I'm supposed to be working on final revisions of my book ("A Short History of Iraq" - not the title I want, but my publisher seems locked in), but some recent developments and comments both interest and irk me.
Pundits galore have weighed in on Muslim responses worldwide to the ridiculous, insulting video trailer of a (reportedly) full-length movie diatribe on the prophet Muhammad. US embassies across the Middle East have come under attack, with especially horrific consequences at the US consulate in Benghazi, resulting in the killing of four Americans, among them, Chris Stephens, the US ambassador to Libya and a man truly dedicated to the advancement of democracy and human rights there. Today, at an already hyper-sensitive moment geopolitically, comes news of a French magazine's release of cartoons lampooning Muhammad. Accompanying that were comments from one source to the effect that the French people were not about to be "bullied" by angry Muslims.
Please . . . as if this is some huge, deadly game of "chicken" - or, who's gonna blink first? Or as if publishing these cartoons is some major triumph for "free speech"? Merde. It's a ploy to make money, masquerading as journalistic bravery and integrity. And the "movie" accomplished nothing more than incitement, as well as provide cover for one of Libya's more violent militias to launch an attack on the US consulate.
Nonetheless, it provided a launching pad for a new riff from America's "premier" foreign-relations pundit, the ever-pungent (and sometimes putrid) Thomas Friedman. (And yes, the "premier" is meant to be sarcastic. See my review of Belen Fernandez's now justly celebrated book taking down Friedman's long and tortured history of bad calls and awful judgments. The man deserves high marks for turning a phrase; but for overall intellectual acuity and geopolitical sagacity - not so much.)
In today's NYT, TF has penned an essay ("Look in Your Mirror") in which he takes on an Egyptian demonstrator in Cairo who demands an Obama apology for the blasphemous Muhammad video by throwing back at him a hodge-podge of reports (all culled from those wonderful hasbara and Muslims-are-nuts purveyors at MEMRI), most of which have nothing to do with Egypt. But it's one TF comment in particular that really gets me:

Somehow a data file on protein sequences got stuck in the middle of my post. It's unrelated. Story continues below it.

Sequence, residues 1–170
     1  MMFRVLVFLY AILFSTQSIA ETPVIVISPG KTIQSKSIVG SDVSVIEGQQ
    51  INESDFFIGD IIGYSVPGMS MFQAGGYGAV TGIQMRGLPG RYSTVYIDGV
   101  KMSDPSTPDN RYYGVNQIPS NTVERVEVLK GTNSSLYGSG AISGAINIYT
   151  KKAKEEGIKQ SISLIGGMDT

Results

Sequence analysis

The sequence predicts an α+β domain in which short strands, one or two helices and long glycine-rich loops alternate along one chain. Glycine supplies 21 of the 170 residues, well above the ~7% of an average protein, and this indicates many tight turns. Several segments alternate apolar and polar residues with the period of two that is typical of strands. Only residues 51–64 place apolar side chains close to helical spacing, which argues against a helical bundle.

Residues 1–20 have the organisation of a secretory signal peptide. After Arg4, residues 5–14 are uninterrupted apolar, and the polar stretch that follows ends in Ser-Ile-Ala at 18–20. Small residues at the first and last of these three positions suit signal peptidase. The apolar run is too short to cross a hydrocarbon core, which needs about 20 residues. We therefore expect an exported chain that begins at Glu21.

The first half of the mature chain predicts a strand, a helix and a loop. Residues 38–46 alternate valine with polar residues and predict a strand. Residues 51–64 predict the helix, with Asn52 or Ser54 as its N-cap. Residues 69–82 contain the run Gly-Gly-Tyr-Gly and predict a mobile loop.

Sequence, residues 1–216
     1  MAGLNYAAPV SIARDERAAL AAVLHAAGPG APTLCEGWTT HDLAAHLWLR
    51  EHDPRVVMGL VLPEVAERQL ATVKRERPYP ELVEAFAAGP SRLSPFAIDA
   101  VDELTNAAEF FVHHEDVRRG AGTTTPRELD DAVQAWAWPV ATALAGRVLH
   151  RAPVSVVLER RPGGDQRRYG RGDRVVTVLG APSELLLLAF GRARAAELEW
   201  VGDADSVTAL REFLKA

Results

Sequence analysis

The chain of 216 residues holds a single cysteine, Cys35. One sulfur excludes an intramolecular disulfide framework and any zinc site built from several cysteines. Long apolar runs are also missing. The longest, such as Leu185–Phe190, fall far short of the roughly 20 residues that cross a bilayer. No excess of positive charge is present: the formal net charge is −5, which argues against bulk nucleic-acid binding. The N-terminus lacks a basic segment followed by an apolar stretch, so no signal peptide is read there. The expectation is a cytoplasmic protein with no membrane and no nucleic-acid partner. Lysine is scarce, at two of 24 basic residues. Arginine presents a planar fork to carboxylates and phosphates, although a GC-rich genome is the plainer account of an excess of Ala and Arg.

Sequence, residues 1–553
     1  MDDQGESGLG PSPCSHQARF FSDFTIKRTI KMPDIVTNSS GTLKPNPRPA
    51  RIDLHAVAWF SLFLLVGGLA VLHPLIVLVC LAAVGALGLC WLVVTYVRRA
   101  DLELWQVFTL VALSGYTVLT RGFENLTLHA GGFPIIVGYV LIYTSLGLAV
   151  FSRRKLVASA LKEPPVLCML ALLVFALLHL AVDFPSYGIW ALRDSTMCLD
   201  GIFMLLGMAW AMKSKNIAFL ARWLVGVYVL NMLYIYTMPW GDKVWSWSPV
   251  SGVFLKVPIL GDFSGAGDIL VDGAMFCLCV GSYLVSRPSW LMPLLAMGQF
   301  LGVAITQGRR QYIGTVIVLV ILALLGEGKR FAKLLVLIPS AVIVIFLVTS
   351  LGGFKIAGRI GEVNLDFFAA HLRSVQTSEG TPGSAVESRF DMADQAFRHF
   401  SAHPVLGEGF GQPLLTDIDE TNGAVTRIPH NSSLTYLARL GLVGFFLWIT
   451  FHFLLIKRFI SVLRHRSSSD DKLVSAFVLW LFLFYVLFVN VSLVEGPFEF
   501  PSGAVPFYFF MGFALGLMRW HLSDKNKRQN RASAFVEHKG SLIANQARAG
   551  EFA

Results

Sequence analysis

That is not how a proper self-governing people behave.
Words fail me.
Fortunately, they haven't failed Rami Khouri, whose essay in The Daily Star appeared even before Friedman's. I paste quote:
One gets the impression over and over in the United States that Arabs and Muslims often are perceived as something akin to juvenile delinquents on parole – they have to behave well and obey the rules in order to enjoy the normal benefits of a free life. Arab freedom and sovereignty do not seem to be absolute rights, but rather are held hostage to American, Western and, in some cases, Israeli validation that we are behaving correctly.
Are you listening now, TF? Probably not. That's a pity. Here's more:
This is not new, and is only the latest twist to what we witnessed when the uprisings first threatened pro-American dictators in Tunisia and Egypt in January 2011.The reflexive, almost Pavlovian, first questions that many American analysts and politicians asked then were, “What does this mean for Israel, Iran and Islamist movements,” without first asking if this was good for the hundreds of millions of ordinary Arab men and women risking their lives to live in freedom.
That a handful of small, occasionally violent demonstrations last week could cause some Americans and others abroad to question the worth of the past 21 months of epic Arab struggles for liberty and democracy is a terrible reminder that deep chasms separate these two worlds in some critical areas.
The most important of these is a deep lack of respect for the other on both sides, including the widespread perception in many American quarters that the liberty of Arabs and Muslims is not an absolute God-given right, but rather a relative benefit that Arabs can achieve if they play by the rules of the West.
I wonder, should we see the Arab-Asian-Muslim demonstrations and these American reactions as a lingering aftershock of the colonial mentality and the anti-colonial wars of resistance of the past century?
Frankly, though, it's wrong to single out Friedman in this regard. He's but a symptom of a broad, deeply rooted arrogance (or hubris) so widespread among the denizens of American pundity and think-tankery when it comes to the Middle East and its peoples, especially Arabs, though Persians and Turks are hardly immune. That arrogance manifests itself in the now well-entrenched belief that the US has the role, responsibility, and right to somehow shape the Arab world's path to democracy - away from Islamists, if at all possible, and, especially, on a course that protects Israel.
Michael Cohen has (at Foreign Policy) a superb corrective to the arrogance of Friedman and his ilk, in which he admonishes us to learn to "come to grips with [the US's] impotence when it comes to "fixing" the Middle East - and especially our broadly held belief (insistence, really) that it's the US president's job to do the fixing.
Bush didn't do it (nor should he have tried). In fact, perhaps it's time to put to bed Colin Powell's "Pottery Barn rules" - i.e., when he warned W on the eve of the March 2003 invasion of Iraq, "you break it, you own it." Well, Bush surely broke Iraq - shattered it, really - and his actions and policies damn near shattered the US relations with the Middle East in general. But the US never "owned" Iraq, and will never "own" the Middle East. It was never ours to own, or control, nor will it be ours to direct, or whatever, in the future.
So, Mr. Friedman, you can pass judgment all you want. Knock yourself out. While you're at it, try pissing into the wind. Ask Mitt to join you.